I usually cringe at the thought of a modified 911 Turbo. For every one well-executed example, there are three suffering from tuning that isn't up to par. It's daunting to try and improve something that's so good straight out of the box. What can you do to a car that doesn't really need improvement?

When GMG's 911 Turbo fires up, I don't hear the lumpy idle or stumbling misfires I've heard in the past. Instead, the car issues a low rumble-not entirely unlike stock, but with more purpose. This new attitude is achieved with GMG's own WCGT sport exhaust. It's a complete system: headers, catalysts and mufflers have all been replaced and optimized. Unlike many aftermarket twin-turbo exhausts, GMG's set-up uses a crossover tube between the two mufflers. This not only equalizes pressure between the two banks, but also adds to the unique sound. The system is constructed of TIG- and FUSE-welded T304 stainless steel. Not only does it deliver a healthy dose of power, the system weighs a scant 26 pounds. The headers use equal-length tubes, which are larger diameter than the factory runners, and empty into a TIG-welded three-into-one racing collector. They're engineered to reduce backpressure and retain more energy, reducing turbo lag and allowing faster spool-up.

Sometimes I'm too clinical, seeing assemblages of components and not the beauty of the entire machine. But even if this internal combustion engine is viewed as nothing but a reaction vessel, it's one sexy chemistry experiment. Behind the wheel, I realize the difference those headers make. A blip of the throttle demonstrates just how eager this car is to rev. The needle jumps across the tach as if electrified. You can hear the turbos spool as atmospheric gases are forced into explosive violence.

Acceleration is not as violent as you might expect. With variable geometry turbos and upgraded software, power delivery is smooth. In ballistic terms, this thing is less of an explosive-powered weapon and more like an electromagnetic rail gun. Think 474 hp of liquid-smooth propulsion. At the time of driving, it was the very first 997 Turbo to receive a chip upgrade with multiple modes. GIAC equipped the car with flip-switch technology that allows the driver to change quickly and easily between 91 and 100 octane modes. The software alone is good for roughly 50 lb-ft of torque on pump gas.

Power mods are not the whole story. GMG has applied its years of racing experience to make this car handle as well as it accelerates. To improve on what the factory has done takes real expertise, and the foundation for GMG's improvements center on keeping geometry consistent under load. Porsche engineered the Turbo to be comfortable for the average driver-serious track junkies get the GT3. So the Turbo comes with rubber bushings in all the pivot points and a non-adjustable suspension. Under high loads, those bushings tend to deflect, causing suspension geometry to be less than ideal. To counteract this, GMG designed new components, utilizing spherical bearings as pivot points. Designing new items also allowed GMG to create adjustable pieces for the owner (or the owner's tuner) to set up the car so that it suits his or her way of driving.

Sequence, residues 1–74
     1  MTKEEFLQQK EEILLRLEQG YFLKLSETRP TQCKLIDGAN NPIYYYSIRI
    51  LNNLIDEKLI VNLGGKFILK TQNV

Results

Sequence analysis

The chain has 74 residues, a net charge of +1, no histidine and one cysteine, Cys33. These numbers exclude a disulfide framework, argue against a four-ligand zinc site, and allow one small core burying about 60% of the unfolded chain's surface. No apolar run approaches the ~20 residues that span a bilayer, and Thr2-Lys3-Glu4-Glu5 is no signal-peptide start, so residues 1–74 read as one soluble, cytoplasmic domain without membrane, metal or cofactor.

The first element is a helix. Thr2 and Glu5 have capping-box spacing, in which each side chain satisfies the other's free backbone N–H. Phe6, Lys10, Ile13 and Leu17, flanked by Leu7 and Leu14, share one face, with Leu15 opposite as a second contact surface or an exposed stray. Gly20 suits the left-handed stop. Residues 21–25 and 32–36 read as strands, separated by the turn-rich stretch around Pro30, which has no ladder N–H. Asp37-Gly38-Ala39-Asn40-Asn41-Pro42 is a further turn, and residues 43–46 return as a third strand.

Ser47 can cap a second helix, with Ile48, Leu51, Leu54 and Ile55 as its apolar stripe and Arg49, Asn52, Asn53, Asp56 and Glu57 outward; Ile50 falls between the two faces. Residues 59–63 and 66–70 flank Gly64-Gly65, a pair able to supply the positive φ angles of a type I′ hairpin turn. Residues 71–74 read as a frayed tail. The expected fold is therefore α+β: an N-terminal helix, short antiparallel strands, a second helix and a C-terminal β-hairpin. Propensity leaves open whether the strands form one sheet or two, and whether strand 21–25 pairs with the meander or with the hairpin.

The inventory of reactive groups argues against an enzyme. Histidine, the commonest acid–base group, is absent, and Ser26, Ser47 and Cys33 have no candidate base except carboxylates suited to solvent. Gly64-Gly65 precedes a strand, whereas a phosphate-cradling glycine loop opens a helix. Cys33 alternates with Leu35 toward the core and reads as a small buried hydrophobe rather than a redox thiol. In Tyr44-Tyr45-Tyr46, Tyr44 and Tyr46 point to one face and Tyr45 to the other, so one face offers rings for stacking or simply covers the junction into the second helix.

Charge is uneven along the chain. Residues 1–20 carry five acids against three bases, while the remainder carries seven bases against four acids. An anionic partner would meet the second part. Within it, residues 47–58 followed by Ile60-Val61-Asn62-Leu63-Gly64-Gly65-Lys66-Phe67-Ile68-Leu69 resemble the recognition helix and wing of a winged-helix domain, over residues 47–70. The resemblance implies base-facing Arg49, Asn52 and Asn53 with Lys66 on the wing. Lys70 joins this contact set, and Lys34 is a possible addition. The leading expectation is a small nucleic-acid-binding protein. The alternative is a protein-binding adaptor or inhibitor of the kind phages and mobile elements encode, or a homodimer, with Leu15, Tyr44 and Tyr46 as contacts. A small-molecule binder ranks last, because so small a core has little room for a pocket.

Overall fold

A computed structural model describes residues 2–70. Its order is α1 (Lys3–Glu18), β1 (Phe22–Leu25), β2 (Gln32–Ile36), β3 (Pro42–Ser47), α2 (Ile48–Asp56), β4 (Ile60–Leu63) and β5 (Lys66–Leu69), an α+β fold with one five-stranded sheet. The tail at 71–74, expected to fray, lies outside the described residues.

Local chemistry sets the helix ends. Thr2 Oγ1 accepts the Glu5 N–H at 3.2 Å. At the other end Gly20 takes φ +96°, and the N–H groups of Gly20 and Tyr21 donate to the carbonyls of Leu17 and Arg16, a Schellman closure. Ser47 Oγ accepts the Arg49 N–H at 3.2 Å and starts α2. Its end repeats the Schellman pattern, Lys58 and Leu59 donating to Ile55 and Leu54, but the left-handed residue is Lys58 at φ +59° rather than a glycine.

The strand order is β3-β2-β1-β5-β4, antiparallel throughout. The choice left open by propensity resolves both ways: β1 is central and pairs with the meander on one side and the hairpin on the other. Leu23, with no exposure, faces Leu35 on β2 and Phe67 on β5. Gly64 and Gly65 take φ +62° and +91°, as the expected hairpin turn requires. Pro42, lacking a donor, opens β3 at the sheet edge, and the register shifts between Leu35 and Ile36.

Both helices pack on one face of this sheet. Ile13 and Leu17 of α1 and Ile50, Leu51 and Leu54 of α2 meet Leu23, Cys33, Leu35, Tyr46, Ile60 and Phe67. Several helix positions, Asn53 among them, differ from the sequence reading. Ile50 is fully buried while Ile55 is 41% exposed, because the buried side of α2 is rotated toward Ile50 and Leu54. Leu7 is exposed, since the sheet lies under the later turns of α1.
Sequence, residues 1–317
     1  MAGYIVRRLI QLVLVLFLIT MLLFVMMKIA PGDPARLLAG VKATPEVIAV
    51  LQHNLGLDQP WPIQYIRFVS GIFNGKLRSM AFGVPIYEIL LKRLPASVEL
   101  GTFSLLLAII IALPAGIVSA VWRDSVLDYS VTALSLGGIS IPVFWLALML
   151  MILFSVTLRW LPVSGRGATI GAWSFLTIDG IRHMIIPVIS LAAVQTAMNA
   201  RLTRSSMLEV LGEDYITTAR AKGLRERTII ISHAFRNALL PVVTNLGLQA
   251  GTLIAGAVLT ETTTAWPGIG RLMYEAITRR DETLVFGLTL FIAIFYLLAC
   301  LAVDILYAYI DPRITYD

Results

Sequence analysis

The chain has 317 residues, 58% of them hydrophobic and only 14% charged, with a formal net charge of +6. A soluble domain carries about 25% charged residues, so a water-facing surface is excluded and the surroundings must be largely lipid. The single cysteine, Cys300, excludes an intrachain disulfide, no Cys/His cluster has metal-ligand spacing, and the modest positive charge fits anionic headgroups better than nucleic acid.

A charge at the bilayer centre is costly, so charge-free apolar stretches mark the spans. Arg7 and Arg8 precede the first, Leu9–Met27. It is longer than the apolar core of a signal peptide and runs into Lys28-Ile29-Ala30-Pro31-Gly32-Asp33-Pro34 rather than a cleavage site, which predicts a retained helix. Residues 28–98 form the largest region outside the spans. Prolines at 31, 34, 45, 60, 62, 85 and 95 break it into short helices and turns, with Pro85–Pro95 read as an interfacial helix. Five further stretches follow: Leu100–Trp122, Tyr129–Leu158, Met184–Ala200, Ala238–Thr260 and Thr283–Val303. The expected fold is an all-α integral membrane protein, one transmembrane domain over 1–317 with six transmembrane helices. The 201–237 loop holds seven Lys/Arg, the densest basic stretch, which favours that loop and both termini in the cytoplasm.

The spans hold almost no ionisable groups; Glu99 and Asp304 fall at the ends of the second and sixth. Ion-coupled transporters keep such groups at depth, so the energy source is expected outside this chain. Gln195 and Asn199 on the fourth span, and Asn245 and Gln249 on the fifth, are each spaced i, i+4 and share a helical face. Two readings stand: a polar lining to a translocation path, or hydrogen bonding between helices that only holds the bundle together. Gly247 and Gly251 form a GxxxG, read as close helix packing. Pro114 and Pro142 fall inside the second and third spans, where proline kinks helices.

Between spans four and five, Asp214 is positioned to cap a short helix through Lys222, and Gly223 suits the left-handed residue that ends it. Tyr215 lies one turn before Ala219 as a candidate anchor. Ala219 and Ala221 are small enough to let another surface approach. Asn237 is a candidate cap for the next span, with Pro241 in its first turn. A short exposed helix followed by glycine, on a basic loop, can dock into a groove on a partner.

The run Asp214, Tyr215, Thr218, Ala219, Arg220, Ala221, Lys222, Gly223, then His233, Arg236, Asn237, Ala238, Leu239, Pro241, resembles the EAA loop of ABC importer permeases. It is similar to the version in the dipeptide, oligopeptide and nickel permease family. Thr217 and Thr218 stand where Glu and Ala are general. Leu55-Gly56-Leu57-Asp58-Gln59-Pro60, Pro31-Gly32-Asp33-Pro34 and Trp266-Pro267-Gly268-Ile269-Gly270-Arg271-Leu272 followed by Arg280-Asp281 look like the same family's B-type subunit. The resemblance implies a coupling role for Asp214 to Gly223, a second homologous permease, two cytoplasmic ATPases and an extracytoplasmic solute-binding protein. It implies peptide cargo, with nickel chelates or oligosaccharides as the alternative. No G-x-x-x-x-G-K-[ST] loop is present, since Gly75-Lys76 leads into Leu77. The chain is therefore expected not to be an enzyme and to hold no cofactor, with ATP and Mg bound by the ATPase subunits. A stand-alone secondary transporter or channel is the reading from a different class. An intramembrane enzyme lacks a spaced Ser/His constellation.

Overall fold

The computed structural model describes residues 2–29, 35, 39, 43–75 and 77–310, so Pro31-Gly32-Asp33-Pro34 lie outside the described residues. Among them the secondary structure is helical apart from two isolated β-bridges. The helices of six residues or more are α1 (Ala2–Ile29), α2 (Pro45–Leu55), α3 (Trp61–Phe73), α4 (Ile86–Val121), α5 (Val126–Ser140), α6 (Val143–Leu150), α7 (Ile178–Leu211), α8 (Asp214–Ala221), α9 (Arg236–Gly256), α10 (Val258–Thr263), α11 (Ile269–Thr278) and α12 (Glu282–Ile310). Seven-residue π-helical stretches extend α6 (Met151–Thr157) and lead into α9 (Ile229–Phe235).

Besides adjustable arms and links, GMG also deploys proprietary sport springs and adjustable anti-roll bars. Such suspension work would be pointless if it retained sub-standard rolling stock. This Turbo now rides on stunning but simple Champion wheels, which look as if they've been taken from an American Le Mans Series LMP car. They are 8.5x20 inches in front, with huge 11x20 rears-sporting Michelin Pilot Sport Cup tires. Just like the car, these tires are equally at home on track and street.

To underline the car's ability as a track-day weapon, GMG also installed its GT harness bar. Looking very much like the factory Tequipment bar, it allows the owner to use racing harnesses while also adding chassis rigidity and a certain amount of driver protection. Unlike the Porsche unit, the GMG bar allows taller drivers to either slide or recline the seats back far enough to enter while wearing a helmet. The bar is constructed of chrome-moly steel, TIG-welded and normalized before powder-coating. It uses factory seatbelt anchor locations, so it can be installed or removed without any modification. GMG didn't explain that it's just about as difficult to install as the factory piece, so I would definitely recommend having it installed professionally.

GMG is far from finished with this project. Further upgrades are planned to improve engine breathing, carbon fiber bits to save a few pounds, and possibly improve aerodynamics as well. If these pieces are as well developed as the rest, I can't wait to get in the car again. I have a feeling you'll be reading more about it here.


Longitudinal rear engine, all-wheel drive

3.6-liter flat-six, dohc, 24-valve, turbocharged and intercooled, GIAC 'flip switch' software,GMG WCGT headers, 200-cell sport catalysts and sport exhaust

Six-speed manual

GMG WCGT rear upper dog bones, inner thrust arm bushings, toe steer kit, GT sport adjustable anti-roll bars, Champion Motorsport sport springs

*Wheels and Tires
Champion Motorsport RF67, 8.5x20 (f)11x20 (r)Michelin Pilot Sport Cup, 245/30 (f), 325/25 (r)

GMG GT 4130 chrome-moly harness bar

Peak Power: 474 hp
Peak Torque: 484 lb-ft
*measured at the wheels

Global Motorsports Group
Enjoyed this Post? Subscribe to our RSS Feed, or use your favorite social media to recommend us to friends and colleagues!